The cameo roles in Delhi-6 are less filmi than in Rang De Basanti but they are still stereotypes. Warring brothers, an unmarried sister (why so?), loving wives, a greedy moneylender with a too-young wife, a photographer who is also a womanizer, a Muslim jalebi wala who believes in Hanuman, a mad fakir, an untouchable sweeper woman who the men of the locality sleep with but do not acknowledge during the day, a mohallah idiot, a sadhvi politician, a corrupt and violent policeman, a news hungry television presenter and so on. Individually, they all do their bit well, but there are too many of them. Their lives are presented in shorthand as an ironical contrast to the Ram Lila that they attend with so much devotion, but the values of which do not percolate into their real lives.
There is a quiet humor in the way incidents are handled, particularly through the two little boys, cousins, who with their impertinent childish remarks make pertinent points. But overall there is lack of a dramatic structure, which hampers the narrative. The elements used to represent faith in God and superstition i.e. The Monkey Man become so repetitive that they lose their impact. The film begins to resemble a video installation where sounds and images play in a loop. Too much screen time is given to the Ram Lila, the Gau-mata giving birth to a calf on the road, the Mataji ka jaagran, the daily visit to the temple and the Friday namaz. This makes you wonder if you have strayed into a television soap extolling traditional rituals and Indian culture. Then, as much time is given to the news broadcasts of The Monkey Man sightings. How many? One lost count, and the audience became restive. Between God and The Monkey Man and the mirror represented literally by a mad fakir running around the street with a mirror, there doesn’t seem to be too much time for anything else to happen.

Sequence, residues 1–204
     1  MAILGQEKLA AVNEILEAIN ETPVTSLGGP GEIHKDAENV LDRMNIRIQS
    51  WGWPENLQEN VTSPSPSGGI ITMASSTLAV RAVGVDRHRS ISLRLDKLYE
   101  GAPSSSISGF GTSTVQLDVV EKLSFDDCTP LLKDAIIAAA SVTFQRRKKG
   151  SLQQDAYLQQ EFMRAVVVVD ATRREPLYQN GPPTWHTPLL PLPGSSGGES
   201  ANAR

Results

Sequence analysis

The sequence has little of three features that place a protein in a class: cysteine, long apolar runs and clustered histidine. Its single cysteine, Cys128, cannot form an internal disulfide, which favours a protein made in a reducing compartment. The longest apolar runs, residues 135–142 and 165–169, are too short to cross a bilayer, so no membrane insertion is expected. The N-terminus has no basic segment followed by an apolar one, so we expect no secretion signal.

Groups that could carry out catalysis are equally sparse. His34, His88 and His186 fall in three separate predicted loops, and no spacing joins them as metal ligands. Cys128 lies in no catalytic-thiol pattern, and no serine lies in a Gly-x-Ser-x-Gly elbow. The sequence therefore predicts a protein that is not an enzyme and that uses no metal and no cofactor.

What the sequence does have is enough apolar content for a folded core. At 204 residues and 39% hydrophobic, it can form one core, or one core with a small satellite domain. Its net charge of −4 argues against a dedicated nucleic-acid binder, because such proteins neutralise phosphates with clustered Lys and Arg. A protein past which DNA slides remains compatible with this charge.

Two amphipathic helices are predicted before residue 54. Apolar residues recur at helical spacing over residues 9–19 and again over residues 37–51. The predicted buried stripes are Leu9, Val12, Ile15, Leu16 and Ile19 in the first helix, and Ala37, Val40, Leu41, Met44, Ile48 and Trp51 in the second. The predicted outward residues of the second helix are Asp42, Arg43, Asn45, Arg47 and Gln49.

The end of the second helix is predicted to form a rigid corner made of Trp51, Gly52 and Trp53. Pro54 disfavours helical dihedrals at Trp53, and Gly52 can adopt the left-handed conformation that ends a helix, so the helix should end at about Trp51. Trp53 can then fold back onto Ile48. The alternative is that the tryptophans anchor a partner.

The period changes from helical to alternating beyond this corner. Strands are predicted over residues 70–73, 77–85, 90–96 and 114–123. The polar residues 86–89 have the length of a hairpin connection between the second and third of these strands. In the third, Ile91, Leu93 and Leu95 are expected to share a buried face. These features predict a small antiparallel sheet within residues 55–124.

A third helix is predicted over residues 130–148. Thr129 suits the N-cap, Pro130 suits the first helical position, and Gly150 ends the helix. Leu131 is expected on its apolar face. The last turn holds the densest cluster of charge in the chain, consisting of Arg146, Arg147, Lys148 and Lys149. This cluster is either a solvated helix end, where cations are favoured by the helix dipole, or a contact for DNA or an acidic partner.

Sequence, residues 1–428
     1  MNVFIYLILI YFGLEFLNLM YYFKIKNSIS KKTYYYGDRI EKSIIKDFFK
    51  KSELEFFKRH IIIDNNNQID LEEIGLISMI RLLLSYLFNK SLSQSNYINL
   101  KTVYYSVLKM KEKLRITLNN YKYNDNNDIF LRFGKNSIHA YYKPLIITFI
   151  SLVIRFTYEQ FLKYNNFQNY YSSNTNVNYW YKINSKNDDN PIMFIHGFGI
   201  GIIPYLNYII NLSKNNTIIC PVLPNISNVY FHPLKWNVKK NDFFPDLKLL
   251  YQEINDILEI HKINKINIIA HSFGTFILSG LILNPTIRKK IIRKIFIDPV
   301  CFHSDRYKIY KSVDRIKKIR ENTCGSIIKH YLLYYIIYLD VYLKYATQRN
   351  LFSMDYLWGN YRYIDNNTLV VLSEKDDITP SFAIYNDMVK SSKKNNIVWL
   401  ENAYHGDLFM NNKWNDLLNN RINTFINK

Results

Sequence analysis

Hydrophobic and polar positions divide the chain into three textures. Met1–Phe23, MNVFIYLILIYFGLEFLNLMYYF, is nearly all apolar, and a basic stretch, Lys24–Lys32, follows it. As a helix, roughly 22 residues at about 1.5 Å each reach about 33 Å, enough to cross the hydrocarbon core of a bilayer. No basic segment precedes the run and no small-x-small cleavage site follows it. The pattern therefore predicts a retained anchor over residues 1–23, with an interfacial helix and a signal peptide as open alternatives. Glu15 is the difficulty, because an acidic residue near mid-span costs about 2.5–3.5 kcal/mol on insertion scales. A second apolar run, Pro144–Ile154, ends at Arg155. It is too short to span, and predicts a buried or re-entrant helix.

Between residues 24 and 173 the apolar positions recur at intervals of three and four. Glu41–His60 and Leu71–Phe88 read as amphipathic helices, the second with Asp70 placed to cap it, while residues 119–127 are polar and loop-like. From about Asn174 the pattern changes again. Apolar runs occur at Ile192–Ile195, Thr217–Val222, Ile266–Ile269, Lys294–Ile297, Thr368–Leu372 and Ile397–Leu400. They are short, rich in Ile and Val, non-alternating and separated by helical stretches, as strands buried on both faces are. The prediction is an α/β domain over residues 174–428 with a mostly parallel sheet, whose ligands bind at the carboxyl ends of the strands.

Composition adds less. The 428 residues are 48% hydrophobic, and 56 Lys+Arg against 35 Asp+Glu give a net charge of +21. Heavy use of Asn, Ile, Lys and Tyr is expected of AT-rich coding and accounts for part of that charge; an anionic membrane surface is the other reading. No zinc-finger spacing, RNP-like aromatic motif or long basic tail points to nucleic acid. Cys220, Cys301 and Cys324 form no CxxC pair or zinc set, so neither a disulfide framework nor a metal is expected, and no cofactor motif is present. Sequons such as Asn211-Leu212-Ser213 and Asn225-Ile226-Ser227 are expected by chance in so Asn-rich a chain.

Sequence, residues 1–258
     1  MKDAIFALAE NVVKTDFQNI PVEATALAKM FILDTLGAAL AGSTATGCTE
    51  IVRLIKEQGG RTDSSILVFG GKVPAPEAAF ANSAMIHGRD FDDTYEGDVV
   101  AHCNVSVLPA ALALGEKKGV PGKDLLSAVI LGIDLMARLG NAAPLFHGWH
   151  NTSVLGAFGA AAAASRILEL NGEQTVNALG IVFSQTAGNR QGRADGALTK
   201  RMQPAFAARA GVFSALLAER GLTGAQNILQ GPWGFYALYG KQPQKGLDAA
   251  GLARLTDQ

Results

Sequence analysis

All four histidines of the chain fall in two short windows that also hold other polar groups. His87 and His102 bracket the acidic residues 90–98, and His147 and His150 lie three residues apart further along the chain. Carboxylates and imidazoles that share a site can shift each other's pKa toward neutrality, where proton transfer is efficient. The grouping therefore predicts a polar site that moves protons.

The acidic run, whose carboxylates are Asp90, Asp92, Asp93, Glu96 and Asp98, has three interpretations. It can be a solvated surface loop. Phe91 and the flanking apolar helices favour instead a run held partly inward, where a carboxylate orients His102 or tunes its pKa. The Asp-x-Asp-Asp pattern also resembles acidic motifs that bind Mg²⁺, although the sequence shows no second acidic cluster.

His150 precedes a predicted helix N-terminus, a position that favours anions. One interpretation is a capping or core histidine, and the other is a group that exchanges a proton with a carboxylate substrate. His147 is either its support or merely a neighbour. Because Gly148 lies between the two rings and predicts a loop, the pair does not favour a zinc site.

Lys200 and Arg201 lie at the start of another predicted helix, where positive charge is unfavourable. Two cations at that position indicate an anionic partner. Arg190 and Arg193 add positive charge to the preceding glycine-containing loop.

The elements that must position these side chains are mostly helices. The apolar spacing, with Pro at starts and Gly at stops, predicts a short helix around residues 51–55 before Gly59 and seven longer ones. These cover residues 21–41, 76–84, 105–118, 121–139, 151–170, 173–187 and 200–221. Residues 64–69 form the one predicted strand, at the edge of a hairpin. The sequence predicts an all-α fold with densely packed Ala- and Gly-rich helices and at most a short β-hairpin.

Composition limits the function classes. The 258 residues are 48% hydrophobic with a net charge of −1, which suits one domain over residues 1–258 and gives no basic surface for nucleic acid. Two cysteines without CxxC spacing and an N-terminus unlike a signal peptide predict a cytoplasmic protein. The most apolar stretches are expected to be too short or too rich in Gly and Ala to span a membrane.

In the end, the characters in the film seem to be present only to illustrate the rather patronizing point that Roshan makes that though they may be fundamentalist where their religion is concerned, they are all rather nice people. Unfortunately, when the communities are actually pitched against each other with battle lines drawn, none of them look very nice; they look cruel and stupid, and rabid.
Binod Pradhan’s camera work is consistent and strong; the film is well lit, though there is perhaps too much camera movement, which tires the eyes. Densely overlaid with the music track, it makes the film visually like a documentary one has shot over a long period of time, and then edited together to illustrate a point. AR Rahman’s music is goo..oo..d. The song Genda Phool is the best picturized as a community song on the terrace, the shy unmarried aunt taking the lead with a surprisingly strong voice. The life of the terrace come alive where chillies are pickled, kites are flown; pigeons are pampered, and love blossoms. The views of Jama Masjid with 1000s of people praying the namaz are spectacular. And the view from a Chandni Chowk terrace of the Statue of Liberty is fun, to say the least.
The terraces are also the location where Abhishek can display his jumps, chasing a monkey man kite, and then jumping as monkey man himself. The interiors of the houses remain largely unseen; the people seem to live their life in the courtyards. The lane where Roshan and Bittu live is like an interior too, in its dark, narrow clutter, and the crowd is used dramatically in certain sequences like Dadi being rushed to the hospital.
One comes away from the film longing for something more to have happened with the main story of Roshan and Bittu and Dadi, but perhaps that was not the main story for Rakeysh Omprakash Mehra. What one is left with is the sense of a mohallah where life goes on, and will go on, amidst the crazy chaos. The smallness of the moment that brings forth all the underlying resentment and anger beneath the camaraderie between neighbors is well handled, as is the slipping back into normalcy from hostility.
The end of the film is beautiful, bringing to the fore again its simple yet powerful premise, with the mirror taking pride of place in the temple under the banyan tree, and each character looking into it for a moment. It brings together all the scattered elements of the film into a message valuable in today’s time.
Hindi, Drama, Color